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So, the first method, Alternate Frame Rendering, means that the driver gives out four frames to the GPUs and each GPU processes its own frame. It looks like this:

So, this method is a variation of the ordinary dual-processor AFR and works in the same way. The difference is in the number of GPUs working together in the same graphics subsystem. Nvidia claims this method ensures the highest efficiency because it involves no balancing overhead. Each GPU is given a fair share of total work. With two GPUs, the performance growth is nearly two-fold and may amount to 90%. A quad-GPU system is likely to have worse scalability, yet it should anyway provide a considerable performance boost.

As we wrote in our earlier reviews, the AFR method has certain peculiarities when it comes to render-to-texture operations (such rendering techniques as environmental mapping, shadow mapping and others belong here). In this case the information about all the changes in the render targets must be sent from one GPU to another. This greatly increases the load on the MIO interface and, accordingly, the GPU synchronization overhead. In order to avoid sending large amounts of data through the MIO interface, Nvidia recommends the developer to perform a Clear() command to clear the color values in the render targets for each frame. But sometimes this is not possible, particularly when the results of the rendering of the previous frame are necessary to render the current frame. So, Nvidia recommends to create two render targets, one target for render-to-texture operations in even-numbered frames and the other in odd-numbered frames. Well, we don’t know how many programmers use this technique to optimize their code for dual-processor graphics subsystems, not to mention quad-processor configurations. Moreover, it is reported that quad-GPU solutions cannot yet use this rendering mode for Direct3D applications.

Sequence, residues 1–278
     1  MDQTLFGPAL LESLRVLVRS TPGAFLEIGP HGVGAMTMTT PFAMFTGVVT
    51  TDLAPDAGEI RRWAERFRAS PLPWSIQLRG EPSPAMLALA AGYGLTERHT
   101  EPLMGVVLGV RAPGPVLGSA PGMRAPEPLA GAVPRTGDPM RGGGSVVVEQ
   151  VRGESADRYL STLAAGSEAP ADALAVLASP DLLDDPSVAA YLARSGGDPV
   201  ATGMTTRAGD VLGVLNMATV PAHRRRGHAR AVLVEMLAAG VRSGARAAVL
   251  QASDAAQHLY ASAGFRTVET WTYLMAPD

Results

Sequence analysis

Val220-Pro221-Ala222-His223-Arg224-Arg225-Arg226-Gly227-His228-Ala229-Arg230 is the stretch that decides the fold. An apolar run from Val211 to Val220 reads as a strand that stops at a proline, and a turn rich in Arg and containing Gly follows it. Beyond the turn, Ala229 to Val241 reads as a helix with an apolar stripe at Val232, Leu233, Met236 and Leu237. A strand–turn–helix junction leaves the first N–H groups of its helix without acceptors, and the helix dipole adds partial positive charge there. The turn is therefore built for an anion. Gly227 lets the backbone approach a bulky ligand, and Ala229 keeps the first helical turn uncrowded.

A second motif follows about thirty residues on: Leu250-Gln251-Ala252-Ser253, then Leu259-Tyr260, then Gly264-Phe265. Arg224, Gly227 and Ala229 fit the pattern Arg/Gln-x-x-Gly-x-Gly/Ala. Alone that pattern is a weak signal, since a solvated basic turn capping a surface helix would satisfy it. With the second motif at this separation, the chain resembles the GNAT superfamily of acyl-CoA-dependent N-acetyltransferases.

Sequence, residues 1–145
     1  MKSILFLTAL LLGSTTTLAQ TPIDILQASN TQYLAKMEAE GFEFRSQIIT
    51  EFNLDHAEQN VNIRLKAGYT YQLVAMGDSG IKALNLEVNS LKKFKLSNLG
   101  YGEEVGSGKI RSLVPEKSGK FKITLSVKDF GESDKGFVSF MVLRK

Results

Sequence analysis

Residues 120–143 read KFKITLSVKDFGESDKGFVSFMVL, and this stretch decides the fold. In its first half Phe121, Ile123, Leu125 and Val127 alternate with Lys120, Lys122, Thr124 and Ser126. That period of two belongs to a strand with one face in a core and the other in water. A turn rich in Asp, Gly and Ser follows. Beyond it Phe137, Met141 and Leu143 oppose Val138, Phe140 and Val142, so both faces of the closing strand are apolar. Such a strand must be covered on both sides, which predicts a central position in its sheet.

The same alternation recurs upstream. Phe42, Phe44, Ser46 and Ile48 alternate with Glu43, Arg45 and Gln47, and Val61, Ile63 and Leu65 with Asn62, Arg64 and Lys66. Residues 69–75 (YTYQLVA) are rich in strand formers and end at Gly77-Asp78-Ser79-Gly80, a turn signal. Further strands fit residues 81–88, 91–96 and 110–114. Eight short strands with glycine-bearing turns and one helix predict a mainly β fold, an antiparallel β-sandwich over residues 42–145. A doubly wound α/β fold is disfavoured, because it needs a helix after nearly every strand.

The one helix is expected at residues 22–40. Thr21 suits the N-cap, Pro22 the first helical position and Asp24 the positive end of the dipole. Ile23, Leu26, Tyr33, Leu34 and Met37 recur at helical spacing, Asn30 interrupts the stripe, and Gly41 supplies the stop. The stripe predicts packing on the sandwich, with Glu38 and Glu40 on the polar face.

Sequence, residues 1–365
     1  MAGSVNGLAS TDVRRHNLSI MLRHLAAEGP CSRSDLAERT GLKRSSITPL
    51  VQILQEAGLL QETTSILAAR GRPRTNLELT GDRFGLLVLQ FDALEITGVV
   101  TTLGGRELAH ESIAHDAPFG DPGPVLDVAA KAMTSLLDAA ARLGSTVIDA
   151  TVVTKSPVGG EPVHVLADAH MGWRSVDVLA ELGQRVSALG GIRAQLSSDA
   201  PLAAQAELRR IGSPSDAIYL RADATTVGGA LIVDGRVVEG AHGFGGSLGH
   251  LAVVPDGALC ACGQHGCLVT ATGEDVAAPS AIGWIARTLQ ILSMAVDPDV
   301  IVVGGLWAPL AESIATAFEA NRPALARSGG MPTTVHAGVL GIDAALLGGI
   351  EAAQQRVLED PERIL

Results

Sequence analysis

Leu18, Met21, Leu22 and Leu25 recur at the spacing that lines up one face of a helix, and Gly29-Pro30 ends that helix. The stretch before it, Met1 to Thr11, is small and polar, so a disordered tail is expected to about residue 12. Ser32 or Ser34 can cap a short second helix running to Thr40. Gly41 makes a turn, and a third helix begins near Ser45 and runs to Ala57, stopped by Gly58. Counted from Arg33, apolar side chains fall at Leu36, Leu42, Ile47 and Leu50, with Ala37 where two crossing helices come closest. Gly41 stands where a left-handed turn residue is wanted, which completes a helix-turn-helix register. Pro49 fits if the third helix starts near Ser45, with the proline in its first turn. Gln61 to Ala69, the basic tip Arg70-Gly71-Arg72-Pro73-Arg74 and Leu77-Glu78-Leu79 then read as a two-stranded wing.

The Split Frame Rendering method splits one frame into 2 or 4 parts depending on the number of GPUs in the system. The total load is shared dynamically among the GPUs. If the driver notices that one GPU is loaded more than another, it can change the size of the frame parts to restore the balance.

This method is less efficient than AFR due to a bigger synchronization overhead and doubling of certain rendering operations.

The AFR on SFR method is a combination of the described modes. It works like this: the first frame is rendered by the first and second GPUs in SFR mode while the second frame is rendered by the third and fourth GPUs. The results of the rendering are output on the screen one by one, as in AFR mode:

This method is compatible with all applications that correctly support Alternate Frame Rendering and seems to be the optimal mode for a quad-SLI configuration.

SLI Antialiasing (SLI AA) mode is meant to improve the antialiasing quality. It combines the antialiasing performed on the separate GPUs into one final frame.

A quad-SLI system allows to use a unique 32xs SLI AA mode when each GPU performs 8xs antialiasing with a shift relative to the results of the other GPUs. After that, the results are combined into the final frame.

This provides the best antialiasing quality available in the 3D industry, but at the expense of a huge performance hit even the four GPUs sometimes cannot make up for. A quad-SLI system uses SLI AA patterns different from what are used on an ordinary dual-GPU SLI complex.

In the compatibility mode only one GPU out of the quad-GPU configuration is active. This mode doesn’t give you any performance gains.

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